In the 1930's, the hero pulps were everywhere. A casual walk to a newsstand would get you the latest Doc Savage, Spider, Phantom Detective, or Operator 5. And it was in the back pages of the Operator 5 magazine another pulp hero was created: Red Finger. Red Finger was a counter-spy whose job it was to take down enemy agents. His turf was America in general and New York City in particular. From 1934 to 1938 The Red Finger battled spies with his signature gas gun and black gloves ( with scarlet trigger finger).
What made Red Finger so interesting was the secret identity he held. Unlike other caped crusaders, the man behind this mask didn't have a lot of money. His true self was Ford Duane, a second hand bookstore owner in a run-down section of New York City. Most of the time he could be seen shuffling his musty volumes around in a cheap coat. He even lives impoverished in a small room at the back of his store. But, every so often, he would receive a message from his government contact as to the next target. Then Ford Duane would vanish out of a hidden passage and emerge as Red Finger, terror of foreign agents.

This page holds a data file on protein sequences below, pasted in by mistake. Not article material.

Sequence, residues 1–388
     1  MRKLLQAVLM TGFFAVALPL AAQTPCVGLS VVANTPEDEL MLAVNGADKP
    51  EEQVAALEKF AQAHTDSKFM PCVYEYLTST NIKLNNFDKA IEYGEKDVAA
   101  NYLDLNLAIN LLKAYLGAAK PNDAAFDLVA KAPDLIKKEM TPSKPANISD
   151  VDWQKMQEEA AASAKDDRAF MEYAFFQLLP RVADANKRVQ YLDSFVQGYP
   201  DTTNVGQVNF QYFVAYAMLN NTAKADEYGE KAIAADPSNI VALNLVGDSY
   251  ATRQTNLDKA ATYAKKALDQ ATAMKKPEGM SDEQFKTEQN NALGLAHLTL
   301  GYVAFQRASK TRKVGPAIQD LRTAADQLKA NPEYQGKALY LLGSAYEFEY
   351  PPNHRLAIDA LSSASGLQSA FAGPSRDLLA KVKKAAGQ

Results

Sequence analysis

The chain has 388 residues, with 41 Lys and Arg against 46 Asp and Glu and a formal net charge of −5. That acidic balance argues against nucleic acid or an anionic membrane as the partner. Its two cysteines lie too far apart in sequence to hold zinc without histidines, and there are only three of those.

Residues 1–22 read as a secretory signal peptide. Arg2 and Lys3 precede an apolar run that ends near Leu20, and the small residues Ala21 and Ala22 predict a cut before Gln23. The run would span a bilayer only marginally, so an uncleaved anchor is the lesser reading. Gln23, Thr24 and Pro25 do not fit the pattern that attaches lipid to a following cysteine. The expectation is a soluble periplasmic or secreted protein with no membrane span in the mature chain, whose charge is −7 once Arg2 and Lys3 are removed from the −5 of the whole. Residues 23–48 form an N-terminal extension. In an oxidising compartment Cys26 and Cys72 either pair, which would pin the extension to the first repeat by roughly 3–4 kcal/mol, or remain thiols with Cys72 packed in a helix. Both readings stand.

The best part of each story is the first paragraph. Writer Arthur Zagat manages to grab the readers attention with a brilliant opening montage each time.
The book reprints all of the Red Finger stories, with a new one as a conclusion by editor Tom Johnson. Most of them follow a very tight formula: Ford Duane gets his message, he decodes it, then goes out in disguise to eliminate his target. The code is always based on the letters P-A-T. The enemy agents don't seem to have a lot in common, some are clearly Italian fascists, others German, with a few from an Asian country which stands in for Japan. Although the Asian spies are the most noble, they are often described in the disgustingly racist tones so prevalent before WW2.
Tom Johnson deserves a big round of applause for bringing out this story collection of a unique and obscure pulp hero.